David Coffin, an automotive analyst at the International Trade Commission, asked if the problem is mostly temporary, as long as there are a lot of used cars made before July 1, 2020, or if the need for a certificate from the manufacturer means this is a long-term trade barrier.

Carmon said with USMCA-era cars, "some manufacturers are cooperative, others not so much," but that the group's main concern is vehicles made during the NAFTA era. They are only 3.5 years old, and there are still large inventories of both Mexican-made and Canadian-made vehicles in Canada.

Allison Umberger, an attorney-adviser in CBP's Office of Trade, asked Carmon if there are any efforts in the industry to establish documentation for used vehicles.

He said: "We’ve reached out to the manufacturers, we don’t have anything positive yet."

Committee members also asked participants at the meeting to expand on comments they made in their written submissions (see 2402050048).

Coffin asked Ann Wilson of MEMA, the motor vehicle suppliers' trade group, if it is accurate to say that all Canadian and U.S. production employees make at least $16 an hour. MEMA had argued that allowing that to be the default assumption would reduce the compliance burden for U.S. auto parts companies.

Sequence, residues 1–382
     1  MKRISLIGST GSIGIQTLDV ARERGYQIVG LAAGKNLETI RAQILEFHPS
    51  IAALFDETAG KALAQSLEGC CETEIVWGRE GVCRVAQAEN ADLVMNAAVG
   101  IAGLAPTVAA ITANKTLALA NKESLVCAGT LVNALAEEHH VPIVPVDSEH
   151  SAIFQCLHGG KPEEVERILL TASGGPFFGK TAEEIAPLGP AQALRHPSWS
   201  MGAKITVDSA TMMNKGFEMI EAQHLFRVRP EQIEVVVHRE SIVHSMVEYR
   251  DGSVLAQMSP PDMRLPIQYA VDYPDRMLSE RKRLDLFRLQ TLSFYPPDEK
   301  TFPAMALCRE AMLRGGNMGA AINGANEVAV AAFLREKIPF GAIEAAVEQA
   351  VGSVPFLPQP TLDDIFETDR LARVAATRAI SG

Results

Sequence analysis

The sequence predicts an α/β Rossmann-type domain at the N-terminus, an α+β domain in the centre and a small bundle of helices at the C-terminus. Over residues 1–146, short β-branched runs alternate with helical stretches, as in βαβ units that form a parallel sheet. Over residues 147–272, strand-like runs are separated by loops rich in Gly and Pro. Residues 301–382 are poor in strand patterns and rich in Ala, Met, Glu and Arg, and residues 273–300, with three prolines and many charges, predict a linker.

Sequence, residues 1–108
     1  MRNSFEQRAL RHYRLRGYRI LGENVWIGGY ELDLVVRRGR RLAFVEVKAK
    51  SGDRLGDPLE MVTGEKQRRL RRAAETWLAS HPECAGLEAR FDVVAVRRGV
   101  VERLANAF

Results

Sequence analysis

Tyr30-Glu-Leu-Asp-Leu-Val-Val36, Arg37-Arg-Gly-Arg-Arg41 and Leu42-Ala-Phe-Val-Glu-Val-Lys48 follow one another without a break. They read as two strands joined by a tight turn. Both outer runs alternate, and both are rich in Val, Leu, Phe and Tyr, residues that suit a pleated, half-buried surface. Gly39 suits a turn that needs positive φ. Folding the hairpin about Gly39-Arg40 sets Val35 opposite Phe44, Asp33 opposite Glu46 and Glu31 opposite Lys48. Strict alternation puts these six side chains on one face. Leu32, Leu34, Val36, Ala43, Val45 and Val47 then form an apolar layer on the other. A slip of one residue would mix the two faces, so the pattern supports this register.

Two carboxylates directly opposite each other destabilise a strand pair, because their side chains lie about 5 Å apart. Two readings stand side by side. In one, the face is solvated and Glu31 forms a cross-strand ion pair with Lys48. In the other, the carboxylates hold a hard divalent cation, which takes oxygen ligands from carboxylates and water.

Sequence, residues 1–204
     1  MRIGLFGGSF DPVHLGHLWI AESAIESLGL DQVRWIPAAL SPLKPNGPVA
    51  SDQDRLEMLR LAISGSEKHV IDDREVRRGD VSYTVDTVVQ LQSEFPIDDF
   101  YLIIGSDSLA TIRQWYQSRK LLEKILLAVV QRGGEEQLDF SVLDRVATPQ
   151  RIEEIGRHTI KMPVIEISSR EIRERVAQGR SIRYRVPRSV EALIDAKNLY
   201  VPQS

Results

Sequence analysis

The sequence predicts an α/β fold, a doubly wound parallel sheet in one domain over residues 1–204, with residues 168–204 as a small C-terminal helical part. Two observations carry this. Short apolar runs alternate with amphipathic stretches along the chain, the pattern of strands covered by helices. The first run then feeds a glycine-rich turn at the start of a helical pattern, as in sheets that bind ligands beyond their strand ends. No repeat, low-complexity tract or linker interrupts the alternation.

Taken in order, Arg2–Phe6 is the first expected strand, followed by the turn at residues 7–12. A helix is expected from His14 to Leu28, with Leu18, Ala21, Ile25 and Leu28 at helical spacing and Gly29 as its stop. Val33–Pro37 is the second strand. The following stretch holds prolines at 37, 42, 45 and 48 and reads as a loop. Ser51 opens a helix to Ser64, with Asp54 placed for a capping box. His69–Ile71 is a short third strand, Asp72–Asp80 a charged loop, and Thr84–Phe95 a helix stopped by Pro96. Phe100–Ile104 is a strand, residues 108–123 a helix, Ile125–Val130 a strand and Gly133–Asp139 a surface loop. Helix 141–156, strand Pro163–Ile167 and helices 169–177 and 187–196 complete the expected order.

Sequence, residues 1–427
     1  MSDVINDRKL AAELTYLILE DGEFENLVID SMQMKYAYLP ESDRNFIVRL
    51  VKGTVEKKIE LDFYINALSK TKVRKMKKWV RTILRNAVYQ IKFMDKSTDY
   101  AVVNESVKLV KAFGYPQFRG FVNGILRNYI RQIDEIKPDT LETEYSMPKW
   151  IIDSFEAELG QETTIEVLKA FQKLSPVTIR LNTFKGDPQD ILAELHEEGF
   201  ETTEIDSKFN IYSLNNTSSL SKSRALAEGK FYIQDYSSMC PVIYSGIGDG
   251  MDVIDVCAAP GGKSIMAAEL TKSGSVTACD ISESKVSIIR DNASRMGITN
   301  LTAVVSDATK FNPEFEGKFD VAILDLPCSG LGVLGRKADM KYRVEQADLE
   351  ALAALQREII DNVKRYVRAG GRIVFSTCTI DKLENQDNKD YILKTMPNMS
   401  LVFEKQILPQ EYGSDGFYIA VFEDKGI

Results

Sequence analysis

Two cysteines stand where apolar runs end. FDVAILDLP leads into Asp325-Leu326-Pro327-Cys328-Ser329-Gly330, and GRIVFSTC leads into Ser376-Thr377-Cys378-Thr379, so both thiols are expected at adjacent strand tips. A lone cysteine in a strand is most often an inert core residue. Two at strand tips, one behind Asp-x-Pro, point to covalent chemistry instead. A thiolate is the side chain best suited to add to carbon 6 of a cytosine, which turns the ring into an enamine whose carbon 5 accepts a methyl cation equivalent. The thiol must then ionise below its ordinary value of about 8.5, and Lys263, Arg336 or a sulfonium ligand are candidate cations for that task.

Wilson said that while she didn't have wage statistics at her fingertips, "We see industry wages continuing to grow."

UAW's Jason Wade said the autoworkers union opposes a labor value content assumption for U.S. workers. While he, too, said he didn't have statistics ready, he said, "There are [auto sector] workers in the U.S. that are making less than $16," and he referred to newspaper coverage of factories supplying foreign automakers in the South that were found to be employing children younger than are legally allowed to work in those plants.

"I don’t think it’s an overly burdensome requirement," he said.

Committee Chairman Justin Hoffman, deputy assistant U.S. trade representative for industrial competitiveness, noted that a recent letter told U.S. Trade Representative Katherine Tai that the establishment of Chinese companies in Mexico was a problem (see 2401170058) and that there needed to be a way to prevent Chinese firms from avoiding Section 301 tariffs by manufacturing in other countries.

Wade said he agrees that it's a problem, and that he thinks the way to approach it is to expand which components fall under the labor value requirements, and to make sure the regional value content rules of origin are fully implemented.

He also complained that a 2.5% tariff is not a high enough trade barrier to convince all manufacturers to follow the USMCA rules.

He cited a Government Accountability Office study that said the proportion of automakers and suppliers in the region paying tariffs on their exports to the U.S. increased 16-fold since USMCA replaced NAFTA.

"We have to make it so the consequences of not following the rules of origin is not considered a minor infraction," he said.

Wilson said that her group feels that China is undertaking "an illegal diversion of manufacturing from China to get around the 301 tariffs. We’re seeing that in Thailand, we’re seeing that in Mexico, where there’s not substantial transformation going on."